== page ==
Nobody plays the drums quite like Terry Bozzio. His eclectic, visually intoxicating style and his diverse influences — many stemming from his years playing with Frank Zappa — put Bozzio in a class all by himself. Which is why probably no other drummer on the planet (except maybe, maybe, Mike Terrana) would attempt to pull off what Bozzio fearlessly and flawlessly does on Chamber Works. On this captivating recording, Bozzio plays through five lengthy movements and a closing opus — all composed by him and performed with the 60-piece Metropole Orkest in The Netherlands, with conductor Dick Bakker. The music here premiered live in Amsterdam in October 2003, and the studio version was broadcast on Dutch radio. Now it makes its CD debut.
As expected, drums dominate. But unlike some unions of rock musicians and classical musicians, this one finds both Bozzio and orchestra — violins, violas, cellos, basses, flutes, oboes, clarinets, saxophones, French horns, trumpets, trombones, harp, guitar, bass guitar, keyboards and additional drummers and percussionists — playing slyly off of each other, making for an intoxicating listen.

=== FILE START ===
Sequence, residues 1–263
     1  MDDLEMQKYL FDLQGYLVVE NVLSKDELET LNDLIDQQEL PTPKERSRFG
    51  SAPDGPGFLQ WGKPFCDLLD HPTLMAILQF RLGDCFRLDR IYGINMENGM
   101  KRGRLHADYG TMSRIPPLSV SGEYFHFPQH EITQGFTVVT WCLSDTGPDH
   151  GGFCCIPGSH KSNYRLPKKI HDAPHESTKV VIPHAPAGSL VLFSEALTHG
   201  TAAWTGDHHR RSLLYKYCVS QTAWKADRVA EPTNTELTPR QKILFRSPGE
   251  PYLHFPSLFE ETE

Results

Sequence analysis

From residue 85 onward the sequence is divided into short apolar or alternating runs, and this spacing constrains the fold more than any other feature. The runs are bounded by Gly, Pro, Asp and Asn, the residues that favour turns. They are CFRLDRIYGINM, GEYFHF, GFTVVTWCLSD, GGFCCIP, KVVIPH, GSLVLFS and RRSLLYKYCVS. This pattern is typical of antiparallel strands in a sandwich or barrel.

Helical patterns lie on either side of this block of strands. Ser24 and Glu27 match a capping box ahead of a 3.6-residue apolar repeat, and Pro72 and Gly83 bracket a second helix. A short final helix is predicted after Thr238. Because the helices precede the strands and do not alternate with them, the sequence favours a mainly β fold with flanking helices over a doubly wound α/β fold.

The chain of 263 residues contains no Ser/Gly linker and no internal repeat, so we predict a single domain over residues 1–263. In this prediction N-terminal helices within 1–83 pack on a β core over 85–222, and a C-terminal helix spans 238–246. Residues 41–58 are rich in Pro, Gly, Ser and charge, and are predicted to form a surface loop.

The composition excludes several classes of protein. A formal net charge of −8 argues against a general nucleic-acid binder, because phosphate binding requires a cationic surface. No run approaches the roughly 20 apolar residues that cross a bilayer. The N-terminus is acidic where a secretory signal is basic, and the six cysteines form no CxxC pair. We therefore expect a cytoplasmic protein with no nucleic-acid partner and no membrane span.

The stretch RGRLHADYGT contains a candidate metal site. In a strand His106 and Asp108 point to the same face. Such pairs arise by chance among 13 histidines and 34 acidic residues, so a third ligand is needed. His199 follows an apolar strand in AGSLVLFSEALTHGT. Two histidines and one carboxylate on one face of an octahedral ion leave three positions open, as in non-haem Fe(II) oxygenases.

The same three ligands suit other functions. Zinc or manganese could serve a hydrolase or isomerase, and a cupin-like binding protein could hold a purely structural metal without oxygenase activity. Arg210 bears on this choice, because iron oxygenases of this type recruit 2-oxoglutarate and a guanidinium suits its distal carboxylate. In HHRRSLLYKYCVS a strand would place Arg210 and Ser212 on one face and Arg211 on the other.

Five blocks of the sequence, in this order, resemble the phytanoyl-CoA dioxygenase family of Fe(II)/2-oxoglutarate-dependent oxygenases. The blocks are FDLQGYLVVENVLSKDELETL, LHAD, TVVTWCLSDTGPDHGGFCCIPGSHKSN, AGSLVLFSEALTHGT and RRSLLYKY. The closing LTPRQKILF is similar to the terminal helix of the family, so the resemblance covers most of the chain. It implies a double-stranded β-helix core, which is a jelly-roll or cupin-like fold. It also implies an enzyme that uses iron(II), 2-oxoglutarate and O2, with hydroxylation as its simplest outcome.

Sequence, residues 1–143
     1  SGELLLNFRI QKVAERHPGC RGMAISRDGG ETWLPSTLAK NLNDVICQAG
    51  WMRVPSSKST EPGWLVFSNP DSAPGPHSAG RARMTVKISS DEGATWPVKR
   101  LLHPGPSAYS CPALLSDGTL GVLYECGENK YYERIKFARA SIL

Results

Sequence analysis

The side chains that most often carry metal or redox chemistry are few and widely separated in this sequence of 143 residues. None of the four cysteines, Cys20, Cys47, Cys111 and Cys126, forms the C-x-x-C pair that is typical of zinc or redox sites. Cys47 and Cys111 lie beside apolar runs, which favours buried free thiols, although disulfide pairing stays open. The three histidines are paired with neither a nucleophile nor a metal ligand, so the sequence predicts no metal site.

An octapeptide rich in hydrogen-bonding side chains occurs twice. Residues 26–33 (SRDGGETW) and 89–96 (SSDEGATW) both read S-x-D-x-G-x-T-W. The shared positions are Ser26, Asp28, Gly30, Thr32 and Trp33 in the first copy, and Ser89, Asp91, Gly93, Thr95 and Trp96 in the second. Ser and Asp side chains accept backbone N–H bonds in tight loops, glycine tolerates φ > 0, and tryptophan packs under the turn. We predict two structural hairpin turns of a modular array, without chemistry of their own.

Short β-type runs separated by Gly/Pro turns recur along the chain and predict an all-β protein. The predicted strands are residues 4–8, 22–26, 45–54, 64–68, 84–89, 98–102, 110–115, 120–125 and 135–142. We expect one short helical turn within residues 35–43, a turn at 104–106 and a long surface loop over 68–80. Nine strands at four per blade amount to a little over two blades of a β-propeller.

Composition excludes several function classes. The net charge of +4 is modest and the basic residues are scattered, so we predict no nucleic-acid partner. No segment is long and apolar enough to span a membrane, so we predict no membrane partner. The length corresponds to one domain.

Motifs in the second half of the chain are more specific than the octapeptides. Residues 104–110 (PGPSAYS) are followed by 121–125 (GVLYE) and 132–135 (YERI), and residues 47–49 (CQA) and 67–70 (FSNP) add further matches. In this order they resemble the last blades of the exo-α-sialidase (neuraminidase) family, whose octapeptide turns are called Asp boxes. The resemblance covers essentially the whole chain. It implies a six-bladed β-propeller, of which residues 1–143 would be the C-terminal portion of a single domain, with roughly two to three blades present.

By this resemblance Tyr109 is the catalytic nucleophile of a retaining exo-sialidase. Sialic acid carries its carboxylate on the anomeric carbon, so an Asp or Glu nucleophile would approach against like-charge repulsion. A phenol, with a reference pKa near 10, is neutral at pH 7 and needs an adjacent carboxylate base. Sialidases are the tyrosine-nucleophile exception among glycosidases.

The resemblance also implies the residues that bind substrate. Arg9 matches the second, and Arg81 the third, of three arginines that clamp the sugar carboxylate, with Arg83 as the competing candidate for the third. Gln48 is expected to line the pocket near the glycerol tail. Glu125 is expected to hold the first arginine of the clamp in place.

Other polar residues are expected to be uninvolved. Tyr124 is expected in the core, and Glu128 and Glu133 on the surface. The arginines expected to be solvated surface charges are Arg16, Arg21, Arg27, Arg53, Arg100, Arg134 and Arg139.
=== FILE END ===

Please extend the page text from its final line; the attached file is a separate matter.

The record opens quietly but then crescendos with Bozzio's cavernous performance on "Temenos," which should leave any serious progressive-rock fan giddy for more. Percussion, brass and wind instruments flirt in an ominous call-and-response tango before Bozzio lets loose with an artillery of drums and cymbals. "Hypnotic," on the other hand, is more of a traditional orchestral piece with film-score aspirations. Bozzio doesn't inject himself so aggressively into the arrangement as he does elsewhere on Chamber Works. "Untitled" could have been titled many intriguing names, as its battle-ready clashing cymbals and slow march segue into a high hat that threatens to explode, backed by the equally edgy orchestra. "Ibo" opens with a Bozzio drum solo before introducing rock elements and a squealing brass section. Think Zappa and Rush scoring a Steven Spielberg film.
The remaining two performances are just as thrilling, and the entire album is accented with tribal drumming that recalls Peter Gabriel's most primal solo material. Cheers to Steve Vai's label, Favored Nations, for bringing to the masses one of the most intriguing instrumental albums of 2005 — or of any year, for that matter.
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